The following interview was published in the Journal of Palestine Studies, and was conducted in January 2014.
Visit the JPS interview page here: http://www.palestine-studies.org/jps/fulltext/165585
During the month of October 2014, the Journal is making selected PDF articles on Palestinian prisoners available for free download. Read the articles and learn more here: http://www.palestine-studies.org/resources/special-focus/special-focus-palestinian-prisoners
In the spring of 2002, at the height of the second intifada in the West Bank, during what Israel called Operation Defensive Shield, Israeli forces conducted large-scale arrest campaigns across the occupied territory, as well as full-scale invasions of numerous Palestinian cities. Ahmad Saadat and Marwan Barghouti, whose interviews we publish here, are two of the most prominent and well-known Palestinian political figures arrested in that campaign, in time also becoming leaders of the prisoners’ movement.
Ahmad Saadat is the secretary-general of the Popular Front for the Liberation of Palestine (PFLP) and a former member of the Palestinian Legislative Council (PLC). He is the highest-ranking official of a Palestinian faction currently imprisoned by the Israeli occupation regime. Saadat’s imprisonment is not atypical for political leaders in Palestine, many of whom have been arrested and detained, with or without charge, by Israel. However, the circumstances surrounding both Saadat’s initial arrest and the first four years of his detention were unique.
One critical aspect of the 2002 arrests was the security collaboration between the Palestinian Authority (PA) and Israeli occupation forces. Owing to its high-profile nature and the PA’s level of involvement, Saadat’s arrest in particular stands out as one of the most telling examples of such close cooperation.
Approximately one year into the second intifada, on 27 August 2001, Israel assassinated Abu Ali Mustafa, Saadat’s predecessor as head of the PFLP. Mustafa was killed when Israeli Apache helicopters fired rockets into his Ramallah office. Less than two months later, Israeli tourism minister Rehavam Ze’evi, who promoted the idea of forced expulsion of Palestinians and advocated the targeted assassination of Palestinian leaders, was himself assassinated at the Hyatt hotel in Jerusalem on 17 October 2001. His assassination was widely understood as retaliation for the killing of Abu Ali Mustafa.
By 3 November, less than three weeks after Ze’evi’s assassination, the PA had arrested over sixty PFLP members across the West Bank. Although the PA High Court insisted that there were no grounds on which to hold many of those who had been arrested, the Palestinian security forces ignored the court’s orders and continued to detain the PFLP men.
In the ensuing months, Saadat remained in hiding, and both PA and Israeli intelligence kept his family under close surveillance. On 15 January 2002, on the pretext of discussing the mass arrests of PFLP members with a view to resolving the issue, Tawfiq Tirawi, head of PA intelligence, arranged to meet with Saadat. Upon arrival at the hotel where the meeting was to be held, Saadat was immediately arrested and taken to the Muqata’a, the PA presidential compound in Ramallah.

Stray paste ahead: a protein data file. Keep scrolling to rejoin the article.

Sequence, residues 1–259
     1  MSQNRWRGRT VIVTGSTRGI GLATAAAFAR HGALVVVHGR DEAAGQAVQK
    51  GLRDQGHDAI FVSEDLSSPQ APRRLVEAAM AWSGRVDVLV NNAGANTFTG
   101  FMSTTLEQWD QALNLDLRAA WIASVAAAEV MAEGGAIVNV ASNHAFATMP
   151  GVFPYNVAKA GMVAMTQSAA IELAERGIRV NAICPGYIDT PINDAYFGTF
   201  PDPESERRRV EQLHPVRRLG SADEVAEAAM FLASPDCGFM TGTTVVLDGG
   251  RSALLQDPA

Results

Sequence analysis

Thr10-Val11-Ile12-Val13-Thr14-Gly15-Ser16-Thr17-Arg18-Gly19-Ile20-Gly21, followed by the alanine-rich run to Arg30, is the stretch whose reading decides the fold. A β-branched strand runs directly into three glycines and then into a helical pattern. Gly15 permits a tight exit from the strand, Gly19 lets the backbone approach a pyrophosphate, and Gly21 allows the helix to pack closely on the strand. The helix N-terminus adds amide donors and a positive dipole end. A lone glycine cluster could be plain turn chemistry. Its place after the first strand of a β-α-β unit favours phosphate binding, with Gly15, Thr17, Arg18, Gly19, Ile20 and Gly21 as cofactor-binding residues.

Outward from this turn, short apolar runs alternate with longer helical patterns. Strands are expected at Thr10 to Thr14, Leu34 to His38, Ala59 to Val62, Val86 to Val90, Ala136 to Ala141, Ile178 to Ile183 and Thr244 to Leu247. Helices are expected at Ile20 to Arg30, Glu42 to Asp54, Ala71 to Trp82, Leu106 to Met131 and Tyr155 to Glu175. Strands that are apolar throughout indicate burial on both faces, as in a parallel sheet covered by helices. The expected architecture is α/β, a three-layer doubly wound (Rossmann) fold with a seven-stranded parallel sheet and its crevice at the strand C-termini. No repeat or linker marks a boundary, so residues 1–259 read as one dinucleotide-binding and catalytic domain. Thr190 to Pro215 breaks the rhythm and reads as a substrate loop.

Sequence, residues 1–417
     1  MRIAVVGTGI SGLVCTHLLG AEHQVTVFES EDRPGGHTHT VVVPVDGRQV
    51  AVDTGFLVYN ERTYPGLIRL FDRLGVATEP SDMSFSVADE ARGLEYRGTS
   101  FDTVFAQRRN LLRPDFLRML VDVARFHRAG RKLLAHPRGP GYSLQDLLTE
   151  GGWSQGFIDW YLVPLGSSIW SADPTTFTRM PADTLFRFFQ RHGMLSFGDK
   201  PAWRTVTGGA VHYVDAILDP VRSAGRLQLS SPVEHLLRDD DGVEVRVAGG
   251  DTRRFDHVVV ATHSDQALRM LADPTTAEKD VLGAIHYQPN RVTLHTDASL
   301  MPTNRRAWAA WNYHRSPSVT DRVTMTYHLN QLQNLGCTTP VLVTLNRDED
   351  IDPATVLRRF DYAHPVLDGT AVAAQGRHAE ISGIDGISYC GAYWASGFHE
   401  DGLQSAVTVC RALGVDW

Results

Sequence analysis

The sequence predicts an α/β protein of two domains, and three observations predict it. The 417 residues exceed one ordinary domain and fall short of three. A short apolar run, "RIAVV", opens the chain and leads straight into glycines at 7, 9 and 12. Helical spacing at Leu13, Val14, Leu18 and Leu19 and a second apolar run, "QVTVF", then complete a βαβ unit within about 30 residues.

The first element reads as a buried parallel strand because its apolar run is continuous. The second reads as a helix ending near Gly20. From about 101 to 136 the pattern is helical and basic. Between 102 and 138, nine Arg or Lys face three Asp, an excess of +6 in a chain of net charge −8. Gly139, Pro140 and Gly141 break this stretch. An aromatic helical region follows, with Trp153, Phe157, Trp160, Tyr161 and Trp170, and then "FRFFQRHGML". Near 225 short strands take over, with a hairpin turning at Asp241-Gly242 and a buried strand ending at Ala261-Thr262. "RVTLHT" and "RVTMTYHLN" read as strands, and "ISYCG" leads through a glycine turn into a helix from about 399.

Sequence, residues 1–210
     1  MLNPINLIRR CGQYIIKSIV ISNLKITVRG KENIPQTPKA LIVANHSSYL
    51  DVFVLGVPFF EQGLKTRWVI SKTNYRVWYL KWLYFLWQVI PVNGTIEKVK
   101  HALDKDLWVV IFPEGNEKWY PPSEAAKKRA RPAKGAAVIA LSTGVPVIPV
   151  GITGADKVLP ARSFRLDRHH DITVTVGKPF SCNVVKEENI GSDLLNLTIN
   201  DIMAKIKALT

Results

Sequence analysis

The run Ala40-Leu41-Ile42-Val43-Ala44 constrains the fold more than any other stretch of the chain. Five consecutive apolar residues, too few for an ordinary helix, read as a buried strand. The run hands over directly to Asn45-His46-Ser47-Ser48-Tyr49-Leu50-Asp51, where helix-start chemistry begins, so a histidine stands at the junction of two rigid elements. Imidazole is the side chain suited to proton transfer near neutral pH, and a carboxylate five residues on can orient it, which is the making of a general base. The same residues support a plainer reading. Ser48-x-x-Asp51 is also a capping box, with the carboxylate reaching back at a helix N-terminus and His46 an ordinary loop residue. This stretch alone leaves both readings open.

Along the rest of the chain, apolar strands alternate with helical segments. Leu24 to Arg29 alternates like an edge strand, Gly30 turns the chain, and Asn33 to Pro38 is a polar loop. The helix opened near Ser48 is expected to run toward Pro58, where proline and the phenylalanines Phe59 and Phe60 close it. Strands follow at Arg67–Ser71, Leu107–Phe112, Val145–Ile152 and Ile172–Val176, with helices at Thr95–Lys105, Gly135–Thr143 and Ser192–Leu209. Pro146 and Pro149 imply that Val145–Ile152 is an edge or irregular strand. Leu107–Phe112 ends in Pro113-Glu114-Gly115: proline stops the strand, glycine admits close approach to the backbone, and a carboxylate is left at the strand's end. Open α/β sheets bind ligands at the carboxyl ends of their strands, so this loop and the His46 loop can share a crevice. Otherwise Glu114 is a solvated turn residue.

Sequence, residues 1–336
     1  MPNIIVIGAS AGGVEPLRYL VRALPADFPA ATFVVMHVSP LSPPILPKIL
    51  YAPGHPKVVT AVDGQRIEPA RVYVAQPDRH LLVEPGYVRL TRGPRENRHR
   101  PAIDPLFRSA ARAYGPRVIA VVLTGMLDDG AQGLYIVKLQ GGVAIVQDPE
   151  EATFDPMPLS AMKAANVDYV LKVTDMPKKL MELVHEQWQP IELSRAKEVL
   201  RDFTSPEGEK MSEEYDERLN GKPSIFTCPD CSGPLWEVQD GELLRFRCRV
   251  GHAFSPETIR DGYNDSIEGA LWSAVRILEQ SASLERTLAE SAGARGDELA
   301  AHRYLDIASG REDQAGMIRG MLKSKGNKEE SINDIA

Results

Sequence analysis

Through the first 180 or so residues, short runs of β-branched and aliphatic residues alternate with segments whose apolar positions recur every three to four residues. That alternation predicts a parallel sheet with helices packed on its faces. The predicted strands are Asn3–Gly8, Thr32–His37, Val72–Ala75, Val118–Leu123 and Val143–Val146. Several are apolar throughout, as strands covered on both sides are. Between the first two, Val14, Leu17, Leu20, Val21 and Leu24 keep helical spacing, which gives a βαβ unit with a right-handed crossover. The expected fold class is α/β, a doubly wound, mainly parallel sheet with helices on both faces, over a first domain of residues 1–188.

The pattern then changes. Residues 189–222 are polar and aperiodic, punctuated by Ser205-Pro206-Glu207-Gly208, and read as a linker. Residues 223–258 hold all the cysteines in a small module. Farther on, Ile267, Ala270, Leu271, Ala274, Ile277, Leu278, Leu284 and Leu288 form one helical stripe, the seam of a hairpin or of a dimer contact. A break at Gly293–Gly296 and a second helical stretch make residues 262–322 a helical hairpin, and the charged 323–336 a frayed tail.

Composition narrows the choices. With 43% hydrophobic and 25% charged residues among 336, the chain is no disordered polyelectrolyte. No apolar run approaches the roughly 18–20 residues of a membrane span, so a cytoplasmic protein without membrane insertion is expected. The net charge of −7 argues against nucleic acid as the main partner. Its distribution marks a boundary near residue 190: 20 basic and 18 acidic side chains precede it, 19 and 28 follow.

Saadat, the four PFLP members who were suspected of carrying out Ze’evi’s assassination, and Fuad Shubaki (long-considered Arafat’s right hand man and accused by Israel of responsibility for the Karine A arms shipment; see Quarterly Update in JPS 123) were all held at the Muqata’a in the weeks leading up to the Israeli siege of the compound on 29 March 2002. After thirty-three days of siege and a curfew imposed on the entire town of Ramallah, Arafat gave in to Israeli pressure to formally charge and imprison the six men. On 1 May, Arafat agreed to a major concession to regain his freedom of movement: the transfer of Saadat, Shubaki, and the four PFLP members to the nominally PA-run Jericho prison.
The Jericho prison was under the watch of U.S. and UK observers, ostensibly overseeing the relatively newly minted PA security forces. On 14 March 2006, the international observers withdrew, and fifteen minutes later, the Israeli army laid siege to the prison, shelling the facility from morning until almost midnight during “Operation Bringing Home the Goods.” The PA guards laid down their weapons and surrendered almost immediately, but the prisoners, especially Saadat and his five companions from the 2002 Muqata’a siege, stood their ground. Israeli forces destroyed the prison room by room until, eventually, the prisoners were forced out. Ahmad Saadat never turned himself in, but was arrested after the Israeli army seized the prison.
Tried by an Israeli military court in 2006, Saadat was convicted of leading an illegal terrorist organization. While in Israeli custody, including three years in solitary confinement, Saadat has participated in numerous hunger strikes to improve the conditions of prisoners, and since 2011 he has been one of the most vocal leaders of the prisoners’ movement.